BP sees strong revenue increase, vows to maintain spending discipline

BP says it will maintain its capital spending at current levels despite rising oil prices. BP photo.

Analysts say BP likely to approve fields in Mauritania, Angola and India.  The company says it will only approve projects that make money even if oil prices drop. 

BP increasing production by drilling new wells at existing offshore oil fields

BP says it will not change its capital spending plans and will only approve projects in 2018 that can make money even if oil drops below $40/barrel.

Irishman Looney, head of BP’s oil and gas division, told Reuters that even though oil prices have risen 50 per cent since mid-2017, “discipline has to remain the word and we shouldn’t be seduced by the oil price.”

BP, along with its rivals, is set to see a strong increase in revenue after oil prices recovered to around $70, but the company plans to maintain an annual capital expenditure of $15-17 billion until 2021.

“We’re not going to say that now that the oil prices are back up, let’s do more, let’s spend more,” Looney said.  Irishman Looney is seen by many as the likeliest candidate to replace current BP Chief Executive Bob Dudley, 62, when he retires.

Looney told Reuters that any projects the company invests in this year will generate profits at oil prices far lower than current levels.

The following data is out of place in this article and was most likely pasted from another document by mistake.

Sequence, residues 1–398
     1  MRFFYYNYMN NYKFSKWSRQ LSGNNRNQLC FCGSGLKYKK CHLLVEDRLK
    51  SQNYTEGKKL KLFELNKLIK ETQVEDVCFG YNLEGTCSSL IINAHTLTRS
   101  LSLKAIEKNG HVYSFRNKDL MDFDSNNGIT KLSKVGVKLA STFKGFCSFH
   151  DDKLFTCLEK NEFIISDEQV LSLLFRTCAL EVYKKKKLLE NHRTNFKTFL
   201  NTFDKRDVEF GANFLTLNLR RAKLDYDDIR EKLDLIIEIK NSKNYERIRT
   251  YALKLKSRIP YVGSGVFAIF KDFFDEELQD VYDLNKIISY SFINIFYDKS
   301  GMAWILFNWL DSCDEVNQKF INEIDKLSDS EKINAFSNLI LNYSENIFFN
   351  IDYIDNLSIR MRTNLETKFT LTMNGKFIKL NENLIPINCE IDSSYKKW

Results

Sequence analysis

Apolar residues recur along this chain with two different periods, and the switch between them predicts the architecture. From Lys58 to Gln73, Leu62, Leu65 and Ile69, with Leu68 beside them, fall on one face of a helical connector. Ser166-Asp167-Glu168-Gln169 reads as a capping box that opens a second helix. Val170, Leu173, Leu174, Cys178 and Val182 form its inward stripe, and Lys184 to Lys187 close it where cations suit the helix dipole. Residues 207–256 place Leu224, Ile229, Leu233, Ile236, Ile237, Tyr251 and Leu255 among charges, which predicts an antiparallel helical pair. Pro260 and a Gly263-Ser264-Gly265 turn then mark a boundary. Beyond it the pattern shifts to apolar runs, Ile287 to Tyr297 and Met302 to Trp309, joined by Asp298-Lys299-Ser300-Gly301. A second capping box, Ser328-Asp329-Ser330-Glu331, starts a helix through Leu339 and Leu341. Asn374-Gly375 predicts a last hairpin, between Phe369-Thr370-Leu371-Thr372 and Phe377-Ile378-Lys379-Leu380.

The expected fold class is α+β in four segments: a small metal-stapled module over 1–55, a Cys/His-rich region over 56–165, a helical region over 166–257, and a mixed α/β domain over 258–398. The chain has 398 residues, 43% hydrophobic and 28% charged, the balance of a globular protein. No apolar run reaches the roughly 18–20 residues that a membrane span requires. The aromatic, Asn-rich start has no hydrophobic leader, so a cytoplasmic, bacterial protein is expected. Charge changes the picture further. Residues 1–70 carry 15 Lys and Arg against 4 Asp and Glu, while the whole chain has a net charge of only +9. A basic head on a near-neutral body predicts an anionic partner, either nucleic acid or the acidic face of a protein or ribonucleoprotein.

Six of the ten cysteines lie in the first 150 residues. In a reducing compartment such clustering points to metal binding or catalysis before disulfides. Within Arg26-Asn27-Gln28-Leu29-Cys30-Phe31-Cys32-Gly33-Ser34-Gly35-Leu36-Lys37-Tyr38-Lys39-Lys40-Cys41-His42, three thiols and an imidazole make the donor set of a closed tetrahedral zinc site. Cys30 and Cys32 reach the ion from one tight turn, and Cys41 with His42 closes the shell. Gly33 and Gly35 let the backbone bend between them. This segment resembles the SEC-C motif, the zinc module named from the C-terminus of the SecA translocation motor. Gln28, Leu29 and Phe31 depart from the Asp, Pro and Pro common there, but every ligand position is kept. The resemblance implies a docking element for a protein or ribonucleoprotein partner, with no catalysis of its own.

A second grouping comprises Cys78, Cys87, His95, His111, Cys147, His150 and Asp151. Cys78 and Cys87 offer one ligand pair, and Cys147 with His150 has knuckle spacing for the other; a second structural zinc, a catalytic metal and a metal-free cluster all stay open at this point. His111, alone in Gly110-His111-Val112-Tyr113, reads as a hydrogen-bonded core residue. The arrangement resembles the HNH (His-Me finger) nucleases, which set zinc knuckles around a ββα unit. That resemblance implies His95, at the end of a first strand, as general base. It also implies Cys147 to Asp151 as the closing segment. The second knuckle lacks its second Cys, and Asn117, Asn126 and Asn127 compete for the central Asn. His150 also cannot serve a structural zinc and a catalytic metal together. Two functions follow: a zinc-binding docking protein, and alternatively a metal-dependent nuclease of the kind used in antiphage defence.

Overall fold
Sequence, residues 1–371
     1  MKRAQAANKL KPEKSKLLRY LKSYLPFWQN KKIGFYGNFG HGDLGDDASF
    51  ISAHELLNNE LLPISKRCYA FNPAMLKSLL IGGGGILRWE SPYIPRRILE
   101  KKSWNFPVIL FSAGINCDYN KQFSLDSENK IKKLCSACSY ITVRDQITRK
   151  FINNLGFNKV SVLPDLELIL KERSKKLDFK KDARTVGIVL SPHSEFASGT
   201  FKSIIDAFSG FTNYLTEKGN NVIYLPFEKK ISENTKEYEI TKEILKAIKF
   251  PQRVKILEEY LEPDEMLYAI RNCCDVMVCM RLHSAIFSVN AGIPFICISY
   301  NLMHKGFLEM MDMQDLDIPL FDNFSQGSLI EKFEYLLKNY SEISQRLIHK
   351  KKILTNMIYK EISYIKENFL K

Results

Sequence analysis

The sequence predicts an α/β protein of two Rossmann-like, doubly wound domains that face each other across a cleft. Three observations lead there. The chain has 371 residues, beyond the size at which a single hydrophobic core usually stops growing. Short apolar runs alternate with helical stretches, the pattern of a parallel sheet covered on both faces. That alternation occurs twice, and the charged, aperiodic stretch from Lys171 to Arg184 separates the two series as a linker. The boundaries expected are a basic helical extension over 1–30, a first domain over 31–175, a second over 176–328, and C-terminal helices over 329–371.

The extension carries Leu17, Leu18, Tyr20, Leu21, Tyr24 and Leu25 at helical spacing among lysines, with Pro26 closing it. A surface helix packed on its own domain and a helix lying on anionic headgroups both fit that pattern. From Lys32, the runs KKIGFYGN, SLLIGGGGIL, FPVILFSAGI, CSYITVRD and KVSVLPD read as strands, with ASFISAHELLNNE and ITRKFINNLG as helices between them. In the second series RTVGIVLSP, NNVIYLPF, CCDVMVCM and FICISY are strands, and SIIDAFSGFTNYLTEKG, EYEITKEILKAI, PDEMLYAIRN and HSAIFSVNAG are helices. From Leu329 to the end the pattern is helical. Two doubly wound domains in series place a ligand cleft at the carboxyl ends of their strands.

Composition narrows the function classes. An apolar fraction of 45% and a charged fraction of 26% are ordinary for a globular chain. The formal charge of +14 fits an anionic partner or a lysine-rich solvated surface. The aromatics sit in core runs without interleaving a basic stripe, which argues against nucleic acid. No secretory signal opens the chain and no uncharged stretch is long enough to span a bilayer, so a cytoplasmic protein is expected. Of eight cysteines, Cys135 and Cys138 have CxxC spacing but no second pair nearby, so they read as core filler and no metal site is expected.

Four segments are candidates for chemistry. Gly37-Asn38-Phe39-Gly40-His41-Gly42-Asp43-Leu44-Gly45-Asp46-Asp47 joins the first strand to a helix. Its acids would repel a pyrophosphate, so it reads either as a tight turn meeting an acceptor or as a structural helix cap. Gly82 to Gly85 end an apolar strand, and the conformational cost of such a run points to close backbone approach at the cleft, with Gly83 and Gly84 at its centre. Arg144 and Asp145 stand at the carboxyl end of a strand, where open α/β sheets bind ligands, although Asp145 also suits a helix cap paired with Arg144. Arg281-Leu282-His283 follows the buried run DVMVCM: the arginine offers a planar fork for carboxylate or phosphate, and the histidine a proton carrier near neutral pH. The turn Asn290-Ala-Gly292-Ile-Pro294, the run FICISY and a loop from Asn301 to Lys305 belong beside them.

“You’ll see us continue to invest, but we will always do that when the project meets our threshold and we believe it is the best it can be,” he added. “It has to be resilient in what is a different world and it has got to be built to make money at less than $40 a barrel for sure.”

Looney offered no specifics on the number of projects or where they are located, however, Reuters reports that analysts at Macquarie say BP is likely to approve new fields in Mauritania, Angola and India.

According to Looney, BP will increase its production by drilling new wells at existing offshore fields.  This will cost much less as infrastructure is already in place.  “Drilling an infill well has enormous value,” he told Reuters.  Looney added that the process makes the wells competitive even with fast-cycle US shale.

BP says that together with the start up of seven oil and gas fields in 2017 and five in 2018, it will boost its production to 800,000 barrels per day (b/d) by 2020.  In 2017, BP produced 3.5 million b/d.

BP is still facing billions in penalties following the 2010 Deepwater Horizon spill.




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